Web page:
In their January 19 Basic Needs and Nutrition Basket (BNNB) report that outlines Zambia's cost of living for December 2021, the Jesuit scholars say increase in global fuel prices is likely to have an impact on the anticipated rise in the cost of living.
“It is expected that January will record more price increases and overall, a higher cost of living” JCTR officials say.
Officials of the Lusaka-based institution add, “Given the increase in fuel prices, Zambians should be ready for the cost of living to significantly go up in January 2022.”
In the light of the anticipated rise in the cost of living, JCTR officials urge Zambians “to embrace consumption of the more nutritious roller meal to keep the cost of living lower.”
Members of the research, education and advocacy institution however express hope that by the commencement of the implementation of the 2022 national budget, interventions that impact on the cost of living could be actualized and sustained.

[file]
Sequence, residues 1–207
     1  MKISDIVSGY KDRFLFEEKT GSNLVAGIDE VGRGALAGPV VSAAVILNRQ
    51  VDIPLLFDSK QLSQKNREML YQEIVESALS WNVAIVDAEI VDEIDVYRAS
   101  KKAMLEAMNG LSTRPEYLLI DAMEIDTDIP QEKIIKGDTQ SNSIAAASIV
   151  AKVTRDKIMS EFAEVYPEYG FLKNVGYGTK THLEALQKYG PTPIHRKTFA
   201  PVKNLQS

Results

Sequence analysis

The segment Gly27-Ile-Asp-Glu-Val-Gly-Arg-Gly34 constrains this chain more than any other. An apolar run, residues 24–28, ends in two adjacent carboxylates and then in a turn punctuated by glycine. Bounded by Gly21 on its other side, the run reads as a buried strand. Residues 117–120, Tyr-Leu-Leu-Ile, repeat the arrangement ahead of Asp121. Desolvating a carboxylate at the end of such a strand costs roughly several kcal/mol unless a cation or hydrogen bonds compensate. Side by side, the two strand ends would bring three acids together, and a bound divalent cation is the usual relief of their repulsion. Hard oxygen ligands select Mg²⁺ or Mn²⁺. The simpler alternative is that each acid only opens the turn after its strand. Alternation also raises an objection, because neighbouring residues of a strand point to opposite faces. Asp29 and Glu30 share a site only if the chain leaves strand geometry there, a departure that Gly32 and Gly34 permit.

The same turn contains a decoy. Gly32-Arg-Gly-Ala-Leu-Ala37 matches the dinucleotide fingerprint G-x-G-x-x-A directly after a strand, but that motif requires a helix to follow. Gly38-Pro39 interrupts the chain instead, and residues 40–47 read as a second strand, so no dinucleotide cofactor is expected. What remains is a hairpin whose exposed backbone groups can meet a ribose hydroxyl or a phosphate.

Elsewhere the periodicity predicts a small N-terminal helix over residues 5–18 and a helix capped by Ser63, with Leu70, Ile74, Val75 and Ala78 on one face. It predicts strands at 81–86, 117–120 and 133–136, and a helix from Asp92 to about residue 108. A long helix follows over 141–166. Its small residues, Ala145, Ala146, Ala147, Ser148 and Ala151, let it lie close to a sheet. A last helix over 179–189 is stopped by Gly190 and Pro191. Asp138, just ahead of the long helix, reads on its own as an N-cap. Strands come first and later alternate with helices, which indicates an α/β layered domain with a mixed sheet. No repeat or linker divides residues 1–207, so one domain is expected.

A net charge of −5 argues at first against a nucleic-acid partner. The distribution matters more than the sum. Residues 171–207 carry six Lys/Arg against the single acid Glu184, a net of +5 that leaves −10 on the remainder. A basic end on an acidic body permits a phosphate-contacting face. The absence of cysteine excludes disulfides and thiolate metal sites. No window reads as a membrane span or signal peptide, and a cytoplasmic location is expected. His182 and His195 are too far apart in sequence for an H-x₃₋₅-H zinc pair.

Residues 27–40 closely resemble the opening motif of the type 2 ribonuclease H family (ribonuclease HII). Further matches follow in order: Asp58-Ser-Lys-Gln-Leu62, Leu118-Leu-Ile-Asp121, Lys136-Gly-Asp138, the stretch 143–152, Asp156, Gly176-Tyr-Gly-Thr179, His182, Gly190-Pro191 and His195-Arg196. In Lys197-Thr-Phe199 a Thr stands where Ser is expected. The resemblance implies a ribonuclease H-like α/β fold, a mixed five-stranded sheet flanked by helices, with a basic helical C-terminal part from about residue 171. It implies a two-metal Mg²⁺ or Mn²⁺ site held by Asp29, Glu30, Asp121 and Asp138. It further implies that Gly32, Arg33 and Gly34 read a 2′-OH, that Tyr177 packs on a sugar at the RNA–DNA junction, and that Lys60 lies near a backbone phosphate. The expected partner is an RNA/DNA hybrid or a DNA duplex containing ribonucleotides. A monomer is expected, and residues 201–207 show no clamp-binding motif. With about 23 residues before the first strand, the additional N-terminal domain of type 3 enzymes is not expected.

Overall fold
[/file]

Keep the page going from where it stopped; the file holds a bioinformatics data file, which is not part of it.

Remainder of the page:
“For example, in the 2022 budget, with a view to improve the Farmer Input Support Program, government plans to implement a new comprehensive agriculture support program. A thriving agriculture sector is key in supporting livelihoods and keeping the cost of living affordable for the average Zambian,” JCTR officials say, and recommend that “this is prioritized and that seasonality issues are addressed.”
The Jesuit scholars recognize the “timely release” of initial Social Cash Transfer as well as pensioners’ funds saying these initiatives are expected to provide “the much needed income support to households.”
They further urge the Zambian government “to sustain the timely release of funds for key social sector spending budget lines as these are key in cushioning the poor and the marginalized in the context of a high cost of living.”
“Actualizing all these interventions will necessitate the possibility of improving the living standards and conditions of the ordinary citizens, especially the marginalized, the vulnerable and the poor,” JCTR officials say.
In the BNNB report, the Jesuit scholars indicate that the cost of living for December 2021 had gone up.
“Total food cost increased by a larger margin than non-food items,” they say in the report titled, “Demanding Actualization of Cushioning Interventions Contained in the 2022 National Budget.”
JCTR officials have attributed the increased food prices to December festivities. They say, “The month of December being a festive period historically registered price increases especially in items such as chicken, beef and rice due to increased demand.”
Republished from ACI Africa.
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